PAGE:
Keiba Diary: Kyoto’s back online and Titleholder awaits
Manami Nagashima’s form at Fukushima caught the eye of Adrian Webber and he also liked what he saw of the redeveloped Kyoto racecourse, which hosts what could be an epic Tenno Sho Spring this weekend.
The big event last weekend was undoubtedly the reopening of Kyoto racecourse, which had been closed for two and a half years for a complete overhaul. It now has the name ‘Centennial Park Kyoto Racecourse’ (the course celebrates its centenary in 2025) and its welcome return gives fans the chance once more to revisit the venue of some of Japan’s great races.
Last Saturday’s crowd was unusually bigger than the Sunday attendance, and several of the day’s winners literally bounced off the dirt and turf surfaces like rubber balls being unleashed from a tightly packed box. The names of some of the winning horses were With Your Dream, Push On and Don Frankie, and these would have without doubt given satisfaction to the believers in the ‘science’ of ‘I bet on it because I like the name’ category.
A day’s racing at Kyoto wouldn’t be a day’s racing at Kyoto without a winner ridden by Yutaka Take, and he got on the board that first day back. It’s interesting to note for the future that before the course renovation, he was the leading rider at the track with 1,381 wins, followed by Yasunari Iwata in second with 505 wins and Hideaki Miyuki in third with 501 wins. In the two years before the closure, however, Yuga Kawada was top with 81 winners.
Talking of top jockeys, Christophe Lemaire guided the German-bred Schnell Meister to a narrow victory in Sunday’s G2 Yomiuri Milers Cup, steering clear of the trouble on his inside, for which Manabu Sakai picked up a two-day suspension for his ride on Shiny Rock.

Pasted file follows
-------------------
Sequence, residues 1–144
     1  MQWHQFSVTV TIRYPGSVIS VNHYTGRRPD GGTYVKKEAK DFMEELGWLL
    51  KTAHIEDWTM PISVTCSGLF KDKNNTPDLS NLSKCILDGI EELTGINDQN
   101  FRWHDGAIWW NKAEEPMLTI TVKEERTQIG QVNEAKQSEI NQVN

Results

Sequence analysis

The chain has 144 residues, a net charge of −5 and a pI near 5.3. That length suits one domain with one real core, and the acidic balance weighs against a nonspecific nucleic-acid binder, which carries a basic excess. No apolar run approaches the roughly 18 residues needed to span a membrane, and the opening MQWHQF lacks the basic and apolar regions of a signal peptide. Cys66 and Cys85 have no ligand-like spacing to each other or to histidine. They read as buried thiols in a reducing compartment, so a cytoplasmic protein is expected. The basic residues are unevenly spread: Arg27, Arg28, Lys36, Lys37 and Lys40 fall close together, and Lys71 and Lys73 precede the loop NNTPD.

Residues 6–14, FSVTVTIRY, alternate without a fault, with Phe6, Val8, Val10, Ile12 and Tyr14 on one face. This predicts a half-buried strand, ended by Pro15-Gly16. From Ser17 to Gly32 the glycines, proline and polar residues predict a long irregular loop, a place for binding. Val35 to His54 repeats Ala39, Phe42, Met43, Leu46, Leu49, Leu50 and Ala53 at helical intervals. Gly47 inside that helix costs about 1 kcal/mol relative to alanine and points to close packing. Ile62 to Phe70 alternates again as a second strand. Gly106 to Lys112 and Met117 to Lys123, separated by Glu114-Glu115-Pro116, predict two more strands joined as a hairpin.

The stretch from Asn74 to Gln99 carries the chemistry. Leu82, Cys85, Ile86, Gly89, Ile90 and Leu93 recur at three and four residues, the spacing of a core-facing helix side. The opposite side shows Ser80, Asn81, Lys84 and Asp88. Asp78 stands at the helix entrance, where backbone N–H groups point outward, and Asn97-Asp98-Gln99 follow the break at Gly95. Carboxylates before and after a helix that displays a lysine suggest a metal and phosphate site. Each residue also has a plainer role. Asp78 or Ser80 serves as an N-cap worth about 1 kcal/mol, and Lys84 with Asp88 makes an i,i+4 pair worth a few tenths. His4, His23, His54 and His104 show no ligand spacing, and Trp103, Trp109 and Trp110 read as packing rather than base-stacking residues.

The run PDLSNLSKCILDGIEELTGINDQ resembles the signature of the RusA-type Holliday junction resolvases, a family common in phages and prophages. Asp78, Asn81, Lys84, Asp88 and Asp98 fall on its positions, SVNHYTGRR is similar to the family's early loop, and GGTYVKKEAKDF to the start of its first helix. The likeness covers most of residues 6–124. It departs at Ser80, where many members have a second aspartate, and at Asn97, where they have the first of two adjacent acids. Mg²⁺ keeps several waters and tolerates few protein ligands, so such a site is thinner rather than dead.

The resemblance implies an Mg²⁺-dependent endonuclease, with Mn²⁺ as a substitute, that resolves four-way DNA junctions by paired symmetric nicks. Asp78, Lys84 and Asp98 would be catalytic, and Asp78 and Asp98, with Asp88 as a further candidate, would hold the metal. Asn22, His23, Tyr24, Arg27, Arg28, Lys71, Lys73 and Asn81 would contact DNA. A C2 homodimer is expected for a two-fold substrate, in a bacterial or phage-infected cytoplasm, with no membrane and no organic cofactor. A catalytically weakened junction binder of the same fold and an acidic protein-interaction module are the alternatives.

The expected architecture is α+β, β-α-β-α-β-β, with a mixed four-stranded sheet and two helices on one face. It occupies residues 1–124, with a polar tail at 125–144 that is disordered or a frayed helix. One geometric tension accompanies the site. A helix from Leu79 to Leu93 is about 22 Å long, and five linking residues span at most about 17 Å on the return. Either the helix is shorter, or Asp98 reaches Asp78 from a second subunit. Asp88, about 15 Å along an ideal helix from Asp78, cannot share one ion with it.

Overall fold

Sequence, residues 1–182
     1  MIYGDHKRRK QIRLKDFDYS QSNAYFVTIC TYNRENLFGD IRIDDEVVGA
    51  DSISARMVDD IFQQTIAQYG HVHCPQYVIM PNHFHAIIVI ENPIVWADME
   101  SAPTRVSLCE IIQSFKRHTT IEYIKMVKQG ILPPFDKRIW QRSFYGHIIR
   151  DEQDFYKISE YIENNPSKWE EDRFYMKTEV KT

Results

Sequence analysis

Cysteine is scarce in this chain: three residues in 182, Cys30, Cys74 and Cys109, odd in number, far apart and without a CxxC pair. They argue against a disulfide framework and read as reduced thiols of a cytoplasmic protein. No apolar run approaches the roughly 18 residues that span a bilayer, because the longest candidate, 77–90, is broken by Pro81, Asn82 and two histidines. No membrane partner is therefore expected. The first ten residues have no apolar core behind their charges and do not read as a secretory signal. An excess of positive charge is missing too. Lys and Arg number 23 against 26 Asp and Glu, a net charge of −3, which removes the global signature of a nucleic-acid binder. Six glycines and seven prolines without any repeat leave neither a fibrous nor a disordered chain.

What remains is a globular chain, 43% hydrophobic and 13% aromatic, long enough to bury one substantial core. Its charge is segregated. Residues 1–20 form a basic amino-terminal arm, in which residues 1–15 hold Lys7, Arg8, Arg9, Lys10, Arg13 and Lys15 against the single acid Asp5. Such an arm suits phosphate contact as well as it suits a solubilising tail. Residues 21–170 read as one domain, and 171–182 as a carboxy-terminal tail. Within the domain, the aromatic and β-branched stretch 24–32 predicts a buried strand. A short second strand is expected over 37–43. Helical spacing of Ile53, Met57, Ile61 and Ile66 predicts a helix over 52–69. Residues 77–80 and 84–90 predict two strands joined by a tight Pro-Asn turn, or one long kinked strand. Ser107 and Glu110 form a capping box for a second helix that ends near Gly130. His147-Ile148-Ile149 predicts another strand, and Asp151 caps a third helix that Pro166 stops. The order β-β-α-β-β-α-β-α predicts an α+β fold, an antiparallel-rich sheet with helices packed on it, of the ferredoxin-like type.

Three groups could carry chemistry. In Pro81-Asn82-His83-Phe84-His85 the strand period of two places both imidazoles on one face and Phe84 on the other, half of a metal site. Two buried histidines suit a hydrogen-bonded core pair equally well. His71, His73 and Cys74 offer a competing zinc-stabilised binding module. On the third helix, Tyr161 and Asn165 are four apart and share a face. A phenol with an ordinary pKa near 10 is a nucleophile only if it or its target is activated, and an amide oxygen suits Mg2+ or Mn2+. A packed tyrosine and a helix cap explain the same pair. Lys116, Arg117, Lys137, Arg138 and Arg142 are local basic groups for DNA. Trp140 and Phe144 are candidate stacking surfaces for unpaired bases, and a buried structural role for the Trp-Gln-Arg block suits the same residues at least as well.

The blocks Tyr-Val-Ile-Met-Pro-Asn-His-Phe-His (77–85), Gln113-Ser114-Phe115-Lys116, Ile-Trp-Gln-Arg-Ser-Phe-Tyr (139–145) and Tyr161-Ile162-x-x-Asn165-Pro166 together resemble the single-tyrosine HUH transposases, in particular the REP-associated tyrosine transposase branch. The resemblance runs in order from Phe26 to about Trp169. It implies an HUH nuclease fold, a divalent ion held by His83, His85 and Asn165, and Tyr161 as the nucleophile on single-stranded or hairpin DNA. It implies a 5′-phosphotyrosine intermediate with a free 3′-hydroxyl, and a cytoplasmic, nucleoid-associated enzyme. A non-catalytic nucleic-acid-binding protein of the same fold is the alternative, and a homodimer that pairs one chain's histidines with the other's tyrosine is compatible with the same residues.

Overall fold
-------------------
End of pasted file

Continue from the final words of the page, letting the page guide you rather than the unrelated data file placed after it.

— Team Iwata (@JayRAye02) April 23, 2023
At Tokyo, a cute grey daughter of Gold Ship, Golden Hind, led all the way to take out the G2 Flora Stakes over 2000 metres and earned herself a place in the Oaks. With dad up there in Hokkaido looking on, he’s probably well pleased with the big-striding, stamina-laden filly.
Titleholder to relish the ground
Although some rain is forecast during the week, the going at Kyoto, as reported by a number of jockeys on the first weekend, is likely to remain quick for this Sunday’s G1 Tenno Sho (Spring) and this should play into the hooves of last year’s dominant winner of the 3200m race Titleholder, who blew the opposition away last time out in the G2 Nikkei Sho in March. His recent final furlong time of 11.2 seconds on the woodchip course at Miho pleased his race jockey Kazuo Yokoyama. “He’s in good shape and he’s handling his workload well,” the jockey noted.
Boldog Hos and Silver Sonic are two that might possibly lower the reigning champ’s colours, but when things go right for Titleholder he’s a difficult horse to peg back.